Our analysis of the loan data found that about 60 percent of higher-priced loan originations went to middle- or higher-income borrowers or neighborhoods. Such borrowers are not the populations targeted by the CRA. In addition, more than 20 percent of the higher-priced loans were extended to lower-income borrowers or borrowers in lower-income areas by independent nonbank institutions–that is, institutions not covered by the CRA.6

Putting together these facts provides a striking result: Only 6 percent of all the higher-priced loans were extended by CRA-covered lenders to lower-income borrowers or neighborhoods in their CRA assessment areas, the local geographies that are the primary focus for CRA evaluation purposes. This result undermines the assertion by critics of the potential for a substantial role for the CRA in the subprime crisis. In other words, the very small share of all higher-priced loan originations that can reasonably be attributed to the CRA makes it hard to imagine how this law could have contributed in any meaningful way to the current subprime crisis.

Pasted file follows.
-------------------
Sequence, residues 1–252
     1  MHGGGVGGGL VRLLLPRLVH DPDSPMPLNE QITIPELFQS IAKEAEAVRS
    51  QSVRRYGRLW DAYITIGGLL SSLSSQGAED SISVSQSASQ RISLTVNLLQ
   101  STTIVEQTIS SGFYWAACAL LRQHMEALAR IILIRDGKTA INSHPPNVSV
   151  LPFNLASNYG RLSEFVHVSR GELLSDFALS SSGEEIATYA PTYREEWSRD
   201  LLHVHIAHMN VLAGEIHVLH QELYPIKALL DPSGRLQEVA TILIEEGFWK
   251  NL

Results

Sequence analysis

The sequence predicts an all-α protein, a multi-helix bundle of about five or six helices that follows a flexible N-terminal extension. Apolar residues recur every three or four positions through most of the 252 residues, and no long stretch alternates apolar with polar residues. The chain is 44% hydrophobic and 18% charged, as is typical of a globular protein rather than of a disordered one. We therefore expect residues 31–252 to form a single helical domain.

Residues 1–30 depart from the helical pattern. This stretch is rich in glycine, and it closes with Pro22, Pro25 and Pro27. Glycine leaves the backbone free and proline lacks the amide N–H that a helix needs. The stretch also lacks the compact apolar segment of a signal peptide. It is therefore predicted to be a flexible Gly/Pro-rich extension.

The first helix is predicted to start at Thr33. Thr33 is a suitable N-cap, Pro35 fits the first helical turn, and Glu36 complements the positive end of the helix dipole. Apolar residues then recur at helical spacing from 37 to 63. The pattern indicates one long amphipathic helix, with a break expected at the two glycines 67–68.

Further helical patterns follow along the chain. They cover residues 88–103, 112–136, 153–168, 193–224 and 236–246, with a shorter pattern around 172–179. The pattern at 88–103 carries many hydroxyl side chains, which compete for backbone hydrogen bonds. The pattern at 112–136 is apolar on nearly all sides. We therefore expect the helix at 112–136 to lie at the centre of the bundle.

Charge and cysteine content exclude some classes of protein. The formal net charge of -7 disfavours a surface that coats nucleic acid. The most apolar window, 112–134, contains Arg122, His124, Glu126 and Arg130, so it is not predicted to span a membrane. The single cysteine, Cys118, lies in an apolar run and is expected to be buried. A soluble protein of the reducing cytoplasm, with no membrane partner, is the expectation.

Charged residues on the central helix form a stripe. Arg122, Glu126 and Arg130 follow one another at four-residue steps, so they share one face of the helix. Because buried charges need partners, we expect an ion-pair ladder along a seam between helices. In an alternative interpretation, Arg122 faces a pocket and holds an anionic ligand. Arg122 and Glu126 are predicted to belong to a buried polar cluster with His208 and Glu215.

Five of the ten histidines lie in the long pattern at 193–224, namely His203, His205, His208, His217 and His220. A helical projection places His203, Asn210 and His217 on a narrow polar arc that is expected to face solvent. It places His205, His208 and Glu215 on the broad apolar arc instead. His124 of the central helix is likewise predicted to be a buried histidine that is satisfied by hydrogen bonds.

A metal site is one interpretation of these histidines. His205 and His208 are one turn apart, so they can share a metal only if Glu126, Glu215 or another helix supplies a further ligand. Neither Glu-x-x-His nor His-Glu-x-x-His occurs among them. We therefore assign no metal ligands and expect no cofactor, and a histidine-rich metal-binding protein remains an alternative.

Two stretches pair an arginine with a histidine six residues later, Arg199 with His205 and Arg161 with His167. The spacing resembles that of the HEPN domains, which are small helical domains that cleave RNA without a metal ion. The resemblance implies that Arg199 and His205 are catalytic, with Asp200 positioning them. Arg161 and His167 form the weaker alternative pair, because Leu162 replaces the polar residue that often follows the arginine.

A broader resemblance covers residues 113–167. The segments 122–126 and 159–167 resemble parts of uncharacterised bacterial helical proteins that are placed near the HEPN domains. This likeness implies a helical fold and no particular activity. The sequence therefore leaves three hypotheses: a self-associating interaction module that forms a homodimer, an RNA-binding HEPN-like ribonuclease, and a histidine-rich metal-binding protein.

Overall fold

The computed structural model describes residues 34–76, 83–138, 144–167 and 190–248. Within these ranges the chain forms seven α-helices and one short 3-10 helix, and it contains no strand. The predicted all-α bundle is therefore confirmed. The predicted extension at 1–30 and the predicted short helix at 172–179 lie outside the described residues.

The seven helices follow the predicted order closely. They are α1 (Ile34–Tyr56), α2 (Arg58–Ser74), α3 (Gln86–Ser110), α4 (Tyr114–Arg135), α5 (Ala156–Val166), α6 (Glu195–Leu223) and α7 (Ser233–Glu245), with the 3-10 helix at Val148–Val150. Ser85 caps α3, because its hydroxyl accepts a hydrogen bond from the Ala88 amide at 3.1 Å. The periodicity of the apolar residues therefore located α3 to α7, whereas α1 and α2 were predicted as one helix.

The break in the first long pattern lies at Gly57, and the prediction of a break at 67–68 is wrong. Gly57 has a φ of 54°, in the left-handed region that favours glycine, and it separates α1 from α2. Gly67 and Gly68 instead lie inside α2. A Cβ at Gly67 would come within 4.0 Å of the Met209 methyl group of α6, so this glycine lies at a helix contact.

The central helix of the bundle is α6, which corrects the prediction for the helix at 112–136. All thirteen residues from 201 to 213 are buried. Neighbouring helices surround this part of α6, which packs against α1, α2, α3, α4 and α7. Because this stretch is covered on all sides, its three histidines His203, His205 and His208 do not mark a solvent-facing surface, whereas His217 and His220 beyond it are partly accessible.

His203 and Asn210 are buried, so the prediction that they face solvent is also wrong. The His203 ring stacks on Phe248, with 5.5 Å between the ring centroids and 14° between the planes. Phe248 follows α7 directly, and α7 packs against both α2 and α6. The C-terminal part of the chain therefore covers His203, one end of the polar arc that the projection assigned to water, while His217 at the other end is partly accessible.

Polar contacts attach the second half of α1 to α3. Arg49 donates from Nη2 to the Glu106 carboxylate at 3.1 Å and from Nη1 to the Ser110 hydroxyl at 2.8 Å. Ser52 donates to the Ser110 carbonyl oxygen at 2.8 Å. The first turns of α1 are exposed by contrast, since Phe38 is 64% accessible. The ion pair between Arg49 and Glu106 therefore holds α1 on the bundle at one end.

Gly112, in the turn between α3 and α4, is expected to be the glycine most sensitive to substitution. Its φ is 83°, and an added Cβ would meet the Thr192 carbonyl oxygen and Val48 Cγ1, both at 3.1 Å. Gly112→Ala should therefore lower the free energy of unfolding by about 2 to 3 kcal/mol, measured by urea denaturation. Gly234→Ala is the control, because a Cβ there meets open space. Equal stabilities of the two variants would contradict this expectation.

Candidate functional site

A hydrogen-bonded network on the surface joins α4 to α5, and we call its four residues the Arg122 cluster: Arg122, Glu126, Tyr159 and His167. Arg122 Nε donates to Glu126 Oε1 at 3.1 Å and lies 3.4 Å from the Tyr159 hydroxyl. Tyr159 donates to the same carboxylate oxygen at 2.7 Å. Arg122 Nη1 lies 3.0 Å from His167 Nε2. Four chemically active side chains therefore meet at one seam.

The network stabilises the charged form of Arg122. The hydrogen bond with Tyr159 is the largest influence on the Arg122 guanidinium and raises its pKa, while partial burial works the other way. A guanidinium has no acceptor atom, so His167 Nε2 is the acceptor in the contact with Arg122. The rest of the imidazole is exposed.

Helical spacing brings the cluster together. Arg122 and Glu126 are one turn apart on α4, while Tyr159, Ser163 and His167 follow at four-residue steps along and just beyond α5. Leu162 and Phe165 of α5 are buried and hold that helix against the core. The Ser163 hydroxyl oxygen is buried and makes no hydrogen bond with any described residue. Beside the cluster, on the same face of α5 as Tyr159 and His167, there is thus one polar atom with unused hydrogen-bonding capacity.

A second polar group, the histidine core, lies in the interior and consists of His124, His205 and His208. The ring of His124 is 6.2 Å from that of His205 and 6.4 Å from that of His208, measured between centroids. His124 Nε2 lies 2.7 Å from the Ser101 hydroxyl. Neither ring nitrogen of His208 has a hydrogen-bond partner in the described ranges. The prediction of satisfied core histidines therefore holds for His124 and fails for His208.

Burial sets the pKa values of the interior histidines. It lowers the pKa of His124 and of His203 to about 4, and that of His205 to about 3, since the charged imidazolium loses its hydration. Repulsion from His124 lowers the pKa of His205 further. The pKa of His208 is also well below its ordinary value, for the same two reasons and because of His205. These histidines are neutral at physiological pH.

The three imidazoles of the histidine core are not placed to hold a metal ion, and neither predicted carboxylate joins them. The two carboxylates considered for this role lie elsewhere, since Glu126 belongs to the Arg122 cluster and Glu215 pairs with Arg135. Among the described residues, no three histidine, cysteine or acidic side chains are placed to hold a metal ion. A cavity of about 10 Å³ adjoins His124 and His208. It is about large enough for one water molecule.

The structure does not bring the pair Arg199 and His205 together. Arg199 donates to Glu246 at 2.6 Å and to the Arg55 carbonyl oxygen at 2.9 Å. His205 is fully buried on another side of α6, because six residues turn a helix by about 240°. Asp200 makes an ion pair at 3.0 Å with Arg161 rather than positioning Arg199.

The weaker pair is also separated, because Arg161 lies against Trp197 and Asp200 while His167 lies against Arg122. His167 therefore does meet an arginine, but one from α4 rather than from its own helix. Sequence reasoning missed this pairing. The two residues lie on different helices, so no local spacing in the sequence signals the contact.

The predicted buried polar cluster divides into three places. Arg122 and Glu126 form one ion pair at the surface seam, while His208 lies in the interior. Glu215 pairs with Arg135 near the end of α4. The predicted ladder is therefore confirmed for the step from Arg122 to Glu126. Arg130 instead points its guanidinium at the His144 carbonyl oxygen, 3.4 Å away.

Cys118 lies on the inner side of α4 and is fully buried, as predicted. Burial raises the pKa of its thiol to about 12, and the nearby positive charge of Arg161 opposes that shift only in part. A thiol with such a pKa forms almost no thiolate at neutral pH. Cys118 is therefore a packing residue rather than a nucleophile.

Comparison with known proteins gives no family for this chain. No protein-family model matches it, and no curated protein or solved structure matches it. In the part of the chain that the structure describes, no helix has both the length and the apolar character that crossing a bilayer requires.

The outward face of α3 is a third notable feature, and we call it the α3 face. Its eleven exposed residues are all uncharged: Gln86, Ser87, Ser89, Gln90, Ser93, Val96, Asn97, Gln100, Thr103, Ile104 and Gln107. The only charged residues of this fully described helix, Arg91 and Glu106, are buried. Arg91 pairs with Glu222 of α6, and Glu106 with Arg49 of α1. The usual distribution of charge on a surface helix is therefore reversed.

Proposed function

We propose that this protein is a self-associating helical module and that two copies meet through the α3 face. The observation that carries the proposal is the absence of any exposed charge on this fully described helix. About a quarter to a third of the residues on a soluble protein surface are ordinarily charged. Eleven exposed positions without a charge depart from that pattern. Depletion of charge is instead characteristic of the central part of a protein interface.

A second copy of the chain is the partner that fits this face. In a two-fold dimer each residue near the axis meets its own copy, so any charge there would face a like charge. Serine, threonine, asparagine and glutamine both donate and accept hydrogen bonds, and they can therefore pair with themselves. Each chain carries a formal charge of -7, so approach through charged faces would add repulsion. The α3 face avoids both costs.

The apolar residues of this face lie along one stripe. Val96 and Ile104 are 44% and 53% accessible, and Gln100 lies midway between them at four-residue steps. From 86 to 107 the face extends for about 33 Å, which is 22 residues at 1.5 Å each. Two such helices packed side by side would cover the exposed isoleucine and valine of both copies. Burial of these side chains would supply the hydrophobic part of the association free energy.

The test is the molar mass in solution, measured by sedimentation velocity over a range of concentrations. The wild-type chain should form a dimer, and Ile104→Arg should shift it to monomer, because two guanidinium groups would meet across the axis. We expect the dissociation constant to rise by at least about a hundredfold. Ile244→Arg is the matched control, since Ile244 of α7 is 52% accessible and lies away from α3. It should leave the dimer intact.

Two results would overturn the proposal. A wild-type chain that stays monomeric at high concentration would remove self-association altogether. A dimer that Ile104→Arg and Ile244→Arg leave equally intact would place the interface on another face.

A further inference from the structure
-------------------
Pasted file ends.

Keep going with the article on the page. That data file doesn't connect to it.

So Jimmy Carter isn’t to blame. I agree with you that it was all the no-document liar loans and total lack of lending standards that were to blame for all the bad loans being made. But who was responsible for that? Which president appointed a bunch of bank lobbyists, people who’d spent their careers trying to get banking regulation scrapped, to run the various federal regulators’ offices? It wasn’t a do-gooding liberal. Here’s a picture from a press conference these guys held just before the bad lending got going :

Yes, that really is a regulator taking a chainsaw to a stack of mortgage regulators.